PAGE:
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Was Election Official's Decision Not to Disqualify Two Candidates Influenced by State Senator?

FLORIDA – A Citrus County Commission candidate is fighting to stay on the ballot after a minor technicality prompted the Supervisor of Elections to disqualify him.

Republican Jesse Rumson filed in June of 2023 to run against incumbent Holly Davis, also a Republican, in the District 5 Primary.

On June 6th of this year, Rumson filed a Candidate Oath form but failed to check yes or no to the question whether he owed campaign finance violation fines. Supervisor of Elections Maureen "Mo" Baird told Florida Politics that the error was not discovered until a candidate unrelated to the race pointed it out after the June 14th qualifying deadline.

Baird contacted Rumson after the deadline and advised him of the error and that he was disqualified. Baird told Florida Politics, "I'm the holder of the forms. I'm not responsible for making sure those forms are filled out correctly." But according to Florida Statute, a Supervisor of Elections must notify a candidate immediately if errors are discovered so that the candidate can correct them before the qualification deadline.

Earlier this month a large crowd gathered outside the Citrus County Supervisor of Elections Office in support of Rumson and called for his reinstatement to the ballot.

Last month R News discovered that two Hernando County candidates had made errors on a DS-DE 9 form which designates a campaign treasurer. Sheriff Al Nienhuis and School Board Candidate Kayce Hawkins both submitted expired documents, which according to statute, would disqualify them from the race. (FULL STORY)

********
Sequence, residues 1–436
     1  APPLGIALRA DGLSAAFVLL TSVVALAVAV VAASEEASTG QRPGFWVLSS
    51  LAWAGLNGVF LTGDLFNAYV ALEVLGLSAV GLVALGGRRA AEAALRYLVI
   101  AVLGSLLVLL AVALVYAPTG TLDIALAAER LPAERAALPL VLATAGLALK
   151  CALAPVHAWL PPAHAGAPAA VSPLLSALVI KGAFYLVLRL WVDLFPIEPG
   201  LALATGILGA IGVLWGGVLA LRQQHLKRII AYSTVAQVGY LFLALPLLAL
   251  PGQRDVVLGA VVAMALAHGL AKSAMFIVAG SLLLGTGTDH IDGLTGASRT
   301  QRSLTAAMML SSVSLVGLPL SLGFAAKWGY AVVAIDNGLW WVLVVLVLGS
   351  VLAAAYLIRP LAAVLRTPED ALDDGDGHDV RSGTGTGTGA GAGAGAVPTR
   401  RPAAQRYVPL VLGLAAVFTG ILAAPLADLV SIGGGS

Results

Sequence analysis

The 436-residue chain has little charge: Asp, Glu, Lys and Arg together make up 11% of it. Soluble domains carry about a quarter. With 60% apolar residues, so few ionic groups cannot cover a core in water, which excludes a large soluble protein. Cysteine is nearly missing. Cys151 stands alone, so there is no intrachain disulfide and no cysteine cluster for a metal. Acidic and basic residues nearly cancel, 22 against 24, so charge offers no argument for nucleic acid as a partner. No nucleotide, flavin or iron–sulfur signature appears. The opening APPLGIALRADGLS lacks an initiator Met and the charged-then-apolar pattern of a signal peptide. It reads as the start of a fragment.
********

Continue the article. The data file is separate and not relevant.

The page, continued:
R News shared our discovery with Hernando County Supervisor of Elections Shirley Anderson, but she took no action. In response she stated, "After extensive review of Florida Statutes, Florida Administrative Code, and relevant case law, I have made the following determination:" She goes on to explain, "Both the Form DS-DE 9 (Rev. 10/10) and Form DS-DE 9 (09/23) contain the same information for purposes of qualifying. The only item of information contained on Form DS-DE 9 (09/23) that is not on the Form DS-DE 9 (Rev.10/10) is the Voter ID number; however, as expressly stated on the form the Voter ID number is not required to be completed for qualifying purposes." She further states, "...any use of Form DS-DE 9 (Rev. 10/10) in lieu of Form DS-DE 9 (09/23) after November 13, 2023, would be a de minimis technical issue given that the information required for qualifying is the same on both forms." But Anderson may not have the authority to decide the fate of a candidate when errors are discovered after the June 14th qualifying deadline.

According to a Florida Supreme Court ruling: Once the deadline for filing has passed no further alterations or changes can be made in a candidate's qualification papers. This court has uniformly held that a candidate's qualification papers must be completed and filed within the time prescribed by statute, and that any errors or omissions cannot be corrected after the filing deadline has passed.